For the vast majority of human existence, “seasonal eating”
did not exist as a concept—it was simply called “eating”
and there was no alternative. People ate what was in season because the
earth naturally provided what it provided at specific times of the year.
However, the rise of a global economy, industrialized agriculture, and
increased transportation capability meant that growing and shipping food
around the world became possible. As a result, many foods are available
year round that were once only available during certain times of the year.
However, availability does not necessarily indicate that the food you’re
eating is good quality. Studies indicate that industrial agriculture,
which tends to farm for quantity and focus solely on the same variety
of crop every year, affects the quality of soil, and thus the quality
of food. One study from the Journal of American College of Nutrition,
as reported by
, found a measurable decline in nutrients in 43 different fruits and vegetables
between 1999 and 1950.
Why Eat Seasonal?
As a result, the benefits of eating seasonally (and locally) are more crucial
now more than ever. One of the major benefits of eating seasonally is
that fruits and vegetables are at their peak nutrient level when they
are harvested at their natural ripening point. Food that is harvested
weeks prior to ripening in order to deliver it thousands of miles will
be far less nutritious than food that was harvested only hours before
you bought it at a farmer’s market. If you do not have access to
a local farmer’s produce, studies indicate that frozen fruits and
vegetables (which are frozen at their ripening point) keep most of their
nutrients far more effectively than the “fresh” produce available
at the supermarket.
Eating seasonally also has the benefit of giving you a varied diet. Varied
diets are not only nutritionally beneficial (providing your body with
what it needs throughout the year), but the taste and quality of food
is at its best in season. Oranges are juicer, artichokes have deeper flavor,
peaches have their trademark sweetness. Instead of eating a withered,
artificially ripened strawberry in winter, enjoying a winter fruit like
a grapefruit would taste far better, be far healthier, and would make
the arrival of spring strawberries a genuine treat. Ultimately, eating
seasonally makes each season a unique dietary experience and it makes
the passage of time meaningful and distinct from harvest to harvest.
Apricots – These small, plum-like fruits contain carotene, which promotes
healthy vision. It also contains minerals like potassium, zinc, and calcium.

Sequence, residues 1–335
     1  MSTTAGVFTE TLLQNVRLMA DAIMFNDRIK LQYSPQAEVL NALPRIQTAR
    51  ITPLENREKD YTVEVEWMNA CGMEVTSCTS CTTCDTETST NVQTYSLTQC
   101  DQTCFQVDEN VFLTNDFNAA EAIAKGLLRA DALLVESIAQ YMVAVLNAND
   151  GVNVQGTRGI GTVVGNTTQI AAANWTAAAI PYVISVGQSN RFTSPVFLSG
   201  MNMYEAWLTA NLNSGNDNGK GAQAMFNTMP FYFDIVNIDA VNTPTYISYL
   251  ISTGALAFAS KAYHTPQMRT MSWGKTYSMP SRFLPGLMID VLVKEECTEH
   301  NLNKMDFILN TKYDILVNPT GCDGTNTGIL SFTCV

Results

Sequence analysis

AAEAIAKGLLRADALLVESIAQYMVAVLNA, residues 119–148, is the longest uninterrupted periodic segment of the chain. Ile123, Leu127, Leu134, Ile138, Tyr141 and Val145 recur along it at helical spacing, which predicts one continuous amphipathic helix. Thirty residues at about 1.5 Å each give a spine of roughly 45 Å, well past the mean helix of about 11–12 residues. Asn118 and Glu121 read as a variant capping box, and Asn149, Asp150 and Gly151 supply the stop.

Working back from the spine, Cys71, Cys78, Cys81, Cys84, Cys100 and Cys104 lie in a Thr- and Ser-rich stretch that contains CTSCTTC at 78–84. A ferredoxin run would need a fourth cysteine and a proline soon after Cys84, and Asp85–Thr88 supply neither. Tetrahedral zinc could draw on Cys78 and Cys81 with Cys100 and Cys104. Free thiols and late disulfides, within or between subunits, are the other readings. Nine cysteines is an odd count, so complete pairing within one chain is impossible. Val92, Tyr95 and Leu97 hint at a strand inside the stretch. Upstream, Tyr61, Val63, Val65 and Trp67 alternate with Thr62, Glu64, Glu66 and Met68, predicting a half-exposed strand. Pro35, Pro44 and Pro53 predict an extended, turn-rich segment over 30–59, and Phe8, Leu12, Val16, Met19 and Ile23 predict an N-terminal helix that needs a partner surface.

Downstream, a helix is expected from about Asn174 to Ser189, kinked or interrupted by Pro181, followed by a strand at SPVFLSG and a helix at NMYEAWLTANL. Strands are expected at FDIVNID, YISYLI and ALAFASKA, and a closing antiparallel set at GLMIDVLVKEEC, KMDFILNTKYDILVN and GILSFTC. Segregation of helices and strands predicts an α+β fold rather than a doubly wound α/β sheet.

Cherries – High in antioxidants, these sweet fruits are at their best for
a short window in late spring and early summer. Their properties can help
defend your body against infection and inflammation and can even help
your body recover faster.
Citrus Fruits (Oranges, Lemons, Pineapple, etc.) – Citrus foods, besides being sharp and sweet, help dissolve kidney
stones and promote health through vitamin C, which can help safeguard
you against infection. Eat citrus fruits and boost your immune system!
Strawberries – These popular, sweet, and tart fruits contain vitamins that help
the body metabolize carbohydrates, proteins, and fats while possessing
other benefits that prevent cancer and neurological diseases.
Artichokes – With a deep, earthy taste, artichokes also help reduce cholesterol
synthesis and can lower the amount of cholesterol in your blood. They
also contain antioxidants, which help prevent infection.
Asparagus – At their peak in spring, asparagus is high in iron and vitamins
B & C. Be sure to eat these soon after harvest because they lose nutrients quickly!
Beets – With a rich reddish-purple color, beets are best from winter to
early spring. Their color indicates their benefit: beets contain a chemical
that helps prevent heart disease.
Peas – This category includes snow peas, sweet peas, and fava beans.
These are at their peak from mid-spring to mid-summer, and are a great
source of plan protein.
Leeks – This delicious root vegetable has vitamins that promote healthy
growth, reduce blood pressure, and help lower cholesterol levels.
Lamb’s Lettuce – Most lettuces, although available year round, are at their most
delicious, nutritious, and tender during the spring.
Radishes – Like many other root vegetables, radishes are low in calories
and provide a great deal of vitamin C, and also contain antioxidants and
a number of other vitamins.
Rhubarb – Although it is a vegetable that resembles a red celery stalk,
the acidity and sweetness of rhubarb means it is often treated like a
fruit. It’s rich in B vitamins and has very little caloric content.
So what are you waiting for? Grab a seasonal item today and enjoy all that
nature has to offer!
This article contains general information about medical conditions and
treatments. The information is not advice and should not be treated as
such. The information is not intended to replace the advice or diagnosis
of a physician.
If you have any specific questions about any medical matter you should
consult your doctor or other professional healthcare provider.